Down Syndrome and Obesity

Obesity is a major health concern and is more common in individuals with Down syndrome than the general population. Obesity is defined as excessive fact accumulation that increases health risk. It is an abnormal accumulation of body fact usually 20% of a person’s ideal body weight.

Medical complications of obesity includes sleep apnea, lung disease, pancreatitis, heart disease, cancer, arthritis, inflamed veins and gout. When the body mass increases, so does the risk of having a heart attack or heart failure.

In a study published by the American Association Intellectual and Developmental Disabilities found a difference between studies on children versus adults with Down syndrome. Children with Down syndrome have consistently been found to exhibit a reduced resting metabolic rate meaning children with Down syndrome are at a great risk for weight gain since they will burn fewer calories. at rest during activities.

Children with Down syndrome also tend to have a condition known as hypothyroidism. Approximately 10 percent of children with Down syndrome have hypothyroidism. As children with Down syndrome get older, eating behaviors change leading to obesity (Approximately 30%). These changes may be due to low muscle tone or inactivity due to thyroid problems or heart conditions.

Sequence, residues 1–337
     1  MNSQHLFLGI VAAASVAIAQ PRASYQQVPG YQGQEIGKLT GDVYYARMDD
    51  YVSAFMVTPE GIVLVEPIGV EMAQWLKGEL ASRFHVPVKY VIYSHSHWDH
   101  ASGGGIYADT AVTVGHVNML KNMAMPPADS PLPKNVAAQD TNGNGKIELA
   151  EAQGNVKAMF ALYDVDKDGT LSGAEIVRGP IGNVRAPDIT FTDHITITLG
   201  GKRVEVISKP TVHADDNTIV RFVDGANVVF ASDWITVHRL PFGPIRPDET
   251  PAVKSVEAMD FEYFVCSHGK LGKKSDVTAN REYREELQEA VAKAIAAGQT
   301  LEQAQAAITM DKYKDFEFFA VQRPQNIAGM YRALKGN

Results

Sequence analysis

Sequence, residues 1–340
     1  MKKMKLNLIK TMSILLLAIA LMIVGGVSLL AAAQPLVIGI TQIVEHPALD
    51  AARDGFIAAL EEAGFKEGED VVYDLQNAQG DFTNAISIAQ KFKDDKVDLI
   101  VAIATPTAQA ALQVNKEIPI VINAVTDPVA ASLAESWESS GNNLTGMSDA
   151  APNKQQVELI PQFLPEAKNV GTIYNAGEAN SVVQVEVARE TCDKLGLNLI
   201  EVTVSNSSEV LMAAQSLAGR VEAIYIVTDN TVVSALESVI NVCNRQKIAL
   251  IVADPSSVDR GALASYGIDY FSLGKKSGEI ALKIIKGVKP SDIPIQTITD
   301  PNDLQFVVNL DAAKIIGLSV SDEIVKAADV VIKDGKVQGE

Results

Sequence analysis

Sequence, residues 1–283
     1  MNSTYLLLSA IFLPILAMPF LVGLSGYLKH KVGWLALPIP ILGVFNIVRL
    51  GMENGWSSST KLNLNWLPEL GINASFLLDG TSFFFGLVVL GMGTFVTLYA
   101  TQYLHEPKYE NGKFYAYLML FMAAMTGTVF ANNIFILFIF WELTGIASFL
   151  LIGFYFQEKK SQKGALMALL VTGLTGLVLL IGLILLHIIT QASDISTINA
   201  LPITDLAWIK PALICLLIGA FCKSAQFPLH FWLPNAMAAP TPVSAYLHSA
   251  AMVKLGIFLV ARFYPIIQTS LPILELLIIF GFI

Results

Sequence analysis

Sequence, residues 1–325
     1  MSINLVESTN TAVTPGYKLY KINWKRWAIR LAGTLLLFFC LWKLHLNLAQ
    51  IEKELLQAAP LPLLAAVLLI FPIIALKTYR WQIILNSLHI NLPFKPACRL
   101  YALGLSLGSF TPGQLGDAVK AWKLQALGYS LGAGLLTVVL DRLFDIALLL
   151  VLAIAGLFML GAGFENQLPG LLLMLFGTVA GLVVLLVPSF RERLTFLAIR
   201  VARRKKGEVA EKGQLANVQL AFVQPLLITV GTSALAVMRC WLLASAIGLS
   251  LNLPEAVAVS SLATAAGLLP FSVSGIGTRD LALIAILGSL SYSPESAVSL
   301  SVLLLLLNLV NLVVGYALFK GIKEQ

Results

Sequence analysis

Exercise and recreation are crucial to the well-being of individuals with Down syndrome. The following are strategies for helping to maintain weight control and to live longer and healthier lives:

  1. Develop a regular exercise program. According to Drs. Chicoine and McGuire, authors of The Guide to Good Health for Teens and Adults with Down syndrome, Exercise should be free of risk. Push ups and weightlifting are not appropriate due to many people with Down syndrome who have issues with the upper 2 vertebrates.
  2. Swimming is an effective exercise. Many pool have walking exercises in the pool as well.
  3. Exercise should be fun, socially and realistic.
  4. For older adults with Down syndrome, look for teachable moments to teach portion control, drinking enough fluids, and eating a well-balanced meal.

Reference

Chicoine, B. and McGuire, B. (2010). The Guide to Good Health for Teen and Adults with Down Syndrome. Bethesda, MD